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Explore

Discover Manchester-by-the-Sea's history, architecture, and art through our exhibits, tours & collections
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Singing Beach, c. 1900

Current Exhibitions

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Walk in the footsteps of entrepreneur Abigail Hooper Trask. Visit her 1823 kitchen, parlor and shop, which were recently restored to their original colors.  Through a room-by-room narrative, learn how Abigail became one of the most successful shopkeepers and bankers of her time.

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Hear Maritime Stories — from Sea Serpents to Merchant Ship Captains to Salt Cod Fish Yards.  Meet the captains from MBTS and see their ship logs and navigational instruments.  Learn about MBTS's Salt Cod Fish Yards.  View the only documented first-person account, with drawing, of an 1817 encounter with a Sea Serpent off the coast of MBTS.

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Learn about the Art inspired by MBTS's natural beauty and the Artists who called the town home.  Enjoy Weems, Hopkinson, Roux, Tappan, and more.

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Discover the variety of fine period furniture made in MBTS and meet their creators.  The town's furniture-making economy, in the mid-19th century, was fueled by hydro power and innovations.  It was home to 43 cabinetmaking shops, factories, and mills.

Museum Tours
Tuesday–Thursday, 10 AM–3 PM

Seasonal Exhibitions

 

Visit us this summer to see our Salt Cod Fish Yard, Singing Beach Bathhouse, and our new summer exhibit.

History Highlights

1630s and 1640s: Salem grants land in lots at “Jeffreys Creek.”

1643: First families settle here with minister.

1645: Village is incorporated as “Manchester.”

1600s: Manchester families engage in farming, fishing, and a few trades; the lack of a harbor (then only a mudflat) will prevent the town’s growth into a seaport.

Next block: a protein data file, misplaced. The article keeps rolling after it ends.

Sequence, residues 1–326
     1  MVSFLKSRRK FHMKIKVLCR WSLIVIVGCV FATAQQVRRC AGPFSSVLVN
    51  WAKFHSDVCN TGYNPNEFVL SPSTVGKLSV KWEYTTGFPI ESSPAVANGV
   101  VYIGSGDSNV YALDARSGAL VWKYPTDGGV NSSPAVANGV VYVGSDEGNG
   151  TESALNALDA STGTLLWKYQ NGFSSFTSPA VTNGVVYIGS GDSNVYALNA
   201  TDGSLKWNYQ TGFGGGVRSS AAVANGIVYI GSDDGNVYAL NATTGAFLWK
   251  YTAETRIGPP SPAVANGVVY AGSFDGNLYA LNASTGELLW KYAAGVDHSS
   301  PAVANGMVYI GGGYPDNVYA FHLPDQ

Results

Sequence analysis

1700: Offshore codfishing, farming, shipbuilding.

Mid-1700s: Manchester stays small, engaged as before; the most ambitious families move away to the seaport of Marblehead.

 

1775-1783: Revolutionary War (Manchester, pop. 920, has no Tories)

Capt. Andrew Marsters and Manchester militia march on April 19, 1775, arriving just too late for Battle of Lexington & Concord.

A few men serve long-term as soldiers.

Most men leave army to go privateering against British merchant shipping.

About 30 men are lost in the wrecks and sinkings of privateers.

  

1800: Capt. William Tuck, former privateer commander, becomes leader of town, which is staunchly Federalist (Washington, Adams) in politics, still pursuing offshore codfishing and fish-curing ashore, farming, and the merchant marine, as men ship out on trading vessels of Salem and Boston.

War of 1812-15: Fishermen and mariners go privateering out of Gloucester and Salem. Manchester residents repel British attempted invasion of Kettle Cove section of town.

 

1820s: The fishery fades; rise of the town’s home-grown furniture industry, which comes to dominate the town’s economy and increase wealth and population.

 

1847: Eastern Rail Road arrives.

1840s-1850s: Furniture production flourishes, Bostonians build summer residences. Abolition (anti-slavery) and temperance (no alchol) take hold along with Lyceum's lecture series and library.

 

1861-1865: Civil War. 159 local men (4 commissioned officers) serve in Union armed forces; 22 lose their lives (six killed in battle or die of wounds, four die in rebel prisons), many return home badly injured.

 

1870s:  J. B. Booth builds grand resort hotel, Masconomo House. Rev. Cyrus Bartol of Boston leads in developing large tracts as summer residences for some of the wealthiest people throughout the U.S.

 

1887: Opening of Memorial Library building, underwritten by summer resident T. Jefferson Coolidge.

 

1890s: Harbor dredged, Essex County Club and Manchester Yacht Club are founded; 20 foreign embassies open in the summer.

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